African and Caribbean community organisation Nubian Jak and creative agency Havas London have teamed up to create The Black Plaque Project: a new initiative to commemorate the rich, diverse contributions of Black people throughout history through a series of black plaques across the capital.
London’s famous blue plaques have served as a permanent tribute to Britain’s notable men and women since 1866 – yet only 1.6% of those honoured in this official way are of African or Caribbean descent. Often ignored or discriminated against by the establishment during their lifetime, many historically significant individuals continue to be excluded posthumously. Their names, and the important contributions they made to society, are at risk of being forgotten or even erased from history forever.
To raise awareness of this imbalance and do something visible to address it, The Black Plaque Project will see specially designed black plaques installed on buildings across London to celebrate the lives of some of its many notable Black residents – who, despite their achievements, continue to be officially overlooked.
The project was launched on ITV London’s flagship news programme on Friday 30 October and was deliberately timed to mark the end of Black History Month – representing a commitment to the ongoing celebration of Black History throughout the year, not just for a single month.
The Black Plaque Project kicks off this week with the first plaque to be installed recognising the contributions of musician Winifred Atwell. Described by Elton John as his first hero on the piano, 1954 saw Atwell become the first Black person to go to number one in the UK singles chart with Let’s Have Another Party. Her plaque will go up in Brixton, where she lived throughout her early years in the capital.
Upcoming plaques will include Len Dyke, Dudley Dryden and Tony Wade, the fathers of the Black hair care and beauty industry in the 1960s and among Britain’s first Black millionaires (to be installed in Tottenham, where they opened their first shop), and Fela Kuti, the musician widely acknowledged as the pioneer of Afrobeat, campaigner against colonial politics in Nigeria and inspiration to generations of activists and artists (to be installed in Greenwich, where he studied at Trinity College of Music).
In total, permissions for 30 black plaques are being secured, with an interactive Black Plaques map at www.blackplaqueproject.com allowing the public to find the locations of the commemorations as they are installed and learn more about their recipients.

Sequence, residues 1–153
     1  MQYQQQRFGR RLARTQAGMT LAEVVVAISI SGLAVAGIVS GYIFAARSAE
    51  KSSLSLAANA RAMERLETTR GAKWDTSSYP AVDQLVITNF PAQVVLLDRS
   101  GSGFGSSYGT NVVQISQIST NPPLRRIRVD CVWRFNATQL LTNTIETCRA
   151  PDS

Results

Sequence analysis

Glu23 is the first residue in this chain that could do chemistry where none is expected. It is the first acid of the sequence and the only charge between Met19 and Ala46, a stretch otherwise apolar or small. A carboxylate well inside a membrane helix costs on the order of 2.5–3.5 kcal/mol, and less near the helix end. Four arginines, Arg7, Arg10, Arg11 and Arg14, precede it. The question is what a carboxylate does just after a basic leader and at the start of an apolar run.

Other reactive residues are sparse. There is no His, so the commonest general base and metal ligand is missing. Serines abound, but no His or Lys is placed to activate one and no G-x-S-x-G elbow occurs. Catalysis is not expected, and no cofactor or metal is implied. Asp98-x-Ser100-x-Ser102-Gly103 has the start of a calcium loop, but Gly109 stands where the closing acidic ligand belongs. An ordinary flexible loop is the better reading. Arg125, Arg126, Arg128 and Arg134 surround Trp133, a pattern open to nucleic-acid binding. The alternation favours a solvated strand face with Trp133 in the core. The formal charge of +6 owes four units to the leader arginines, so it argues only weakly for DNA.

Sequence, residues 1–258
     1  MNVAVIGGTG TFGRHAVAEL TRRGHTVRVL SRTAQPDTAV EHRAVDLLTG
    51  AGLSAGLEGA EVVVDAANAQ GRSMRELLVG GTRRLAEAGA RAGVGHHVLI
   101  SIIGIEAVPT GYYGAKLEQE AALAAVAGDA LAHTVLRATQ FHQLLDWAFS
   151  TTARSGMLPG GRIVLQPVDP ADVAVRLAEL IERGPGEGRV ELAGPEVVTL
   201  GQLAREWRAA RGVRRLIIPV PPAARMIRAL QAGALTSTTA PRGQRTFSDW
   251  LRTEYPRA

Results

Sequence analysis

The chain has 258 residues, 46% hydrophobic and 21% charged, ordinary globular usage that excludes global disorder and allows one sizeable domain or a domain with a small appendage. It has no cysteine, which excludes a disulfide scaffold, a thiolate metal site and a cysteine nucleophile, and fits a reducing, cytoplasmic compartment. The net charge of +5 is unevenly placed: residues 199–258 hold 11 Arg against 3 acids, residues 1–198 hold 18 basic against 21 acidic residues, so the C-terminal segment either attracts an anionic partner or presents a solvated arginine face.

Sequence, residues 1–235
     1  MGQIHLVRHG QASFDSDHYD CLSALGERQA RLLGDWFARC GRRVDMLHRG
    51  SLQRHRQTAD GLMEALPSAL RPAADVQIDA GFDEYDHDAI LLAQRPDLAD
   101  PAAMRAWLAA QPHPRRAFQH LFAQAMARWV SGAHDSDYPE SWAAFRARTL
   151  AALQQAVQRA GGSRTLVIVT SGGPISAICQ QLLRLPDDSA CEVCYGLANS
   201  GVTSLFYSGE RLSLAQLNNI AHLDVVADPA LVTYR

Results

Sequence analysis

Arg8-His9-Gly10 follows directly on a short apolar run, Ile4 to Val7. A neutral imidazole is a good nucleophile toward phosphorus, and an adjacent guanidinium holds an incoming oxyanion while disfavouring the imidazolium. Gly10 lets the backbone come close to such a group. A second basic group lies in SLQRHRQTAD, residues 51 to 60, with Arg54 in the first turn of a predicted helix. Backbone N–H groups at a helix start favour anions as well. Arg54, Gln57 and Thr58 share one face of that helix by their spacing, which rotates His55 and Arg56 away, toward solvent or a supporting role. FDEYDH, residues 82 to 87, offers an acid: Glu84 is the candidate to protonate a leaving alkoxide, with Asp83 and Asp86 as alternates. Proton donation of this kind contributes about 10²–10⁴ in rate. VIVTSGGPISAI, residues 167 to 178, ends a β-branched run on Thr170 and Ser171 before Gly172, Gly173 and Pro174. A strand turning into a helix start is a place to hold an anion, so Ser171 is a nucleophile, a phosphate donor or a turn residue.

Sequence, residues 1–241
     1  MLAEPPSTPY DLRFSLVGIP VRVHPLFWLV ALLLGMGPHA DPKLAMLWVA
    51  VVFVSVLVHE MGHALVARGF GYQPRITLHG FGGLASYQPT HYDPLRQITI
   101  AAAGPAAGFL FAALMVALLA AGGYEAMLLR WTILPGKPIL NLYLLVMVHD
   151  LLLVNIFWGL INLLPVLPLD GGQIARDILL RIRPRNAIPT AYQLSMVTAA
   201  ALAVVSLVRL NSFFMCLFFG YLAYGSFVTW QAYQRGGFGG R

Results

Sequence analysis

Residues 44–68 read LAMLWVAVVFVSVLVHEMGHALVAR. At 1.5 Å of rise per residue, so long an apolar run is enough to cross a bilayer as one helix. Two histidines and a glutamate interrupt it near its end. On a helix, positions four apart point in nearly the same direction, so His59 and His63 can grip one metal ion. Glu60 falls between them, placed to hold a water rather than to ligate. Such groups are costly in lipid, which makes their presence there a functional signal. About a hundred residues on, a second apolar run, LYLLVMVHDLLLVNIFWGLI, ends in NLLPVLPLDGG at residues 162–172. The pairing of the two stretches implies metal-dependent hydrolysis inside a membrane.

The names of the 30 Black pioneers to be commemorated were selected in consultation with Dr Jak Beula, founder and CEO of Nubian Jak Community Trust – which has, with little institutional support, paid for and erected a number of plaques and statues highlighting Black achievement over the past 16 years.
As well as narrowing the gap between the significant contributions of Black people and the public awareness and celebration of them, The Black Plaque Project also aims to raise money for Nubian Jak to help turn these temporary black plaques blue, making them permanent.
Dr Jak Beula, founder of the Nubian Jak Community Trust said: “There are nowhere near enough blue plaques celebrating Black achievement and history in Britain, so it is vital this project has a lasting legacy. Partnering with Havas on The Black Plaque Project helps us to raise awareness of this institutional discrimination and puts the pressure on those institutions – it shouldn’t just be us doing this.
“We must ensure these plaques commemorating our common cultural heritage keep going up and stay up – there are so many more stories that need to be told to celebrate our rich, diverse past and to inspire future generations.”
The Black Plaque Project website will also include a series of podcasts hosted by Dr Jak, featuring luminaries from London’s Black community today including Artistic Director of the Young Vic, Kwame Kwei-Armah; Labour MP, Bell Ribeiro-Addy; and influencer and blogger Kelechi Okafor.
Sam Adio & Ken Abalos, the Havas London creative team behind The Black Plaque Project, said: “We’re incredibly proud to see this project come together. Black history is British history; it’s the history of our city, our home and our community, and for too long it has been overlooked and ignored. This is our chance to shed light on this exclusion and discrimination, and to do something to end it.”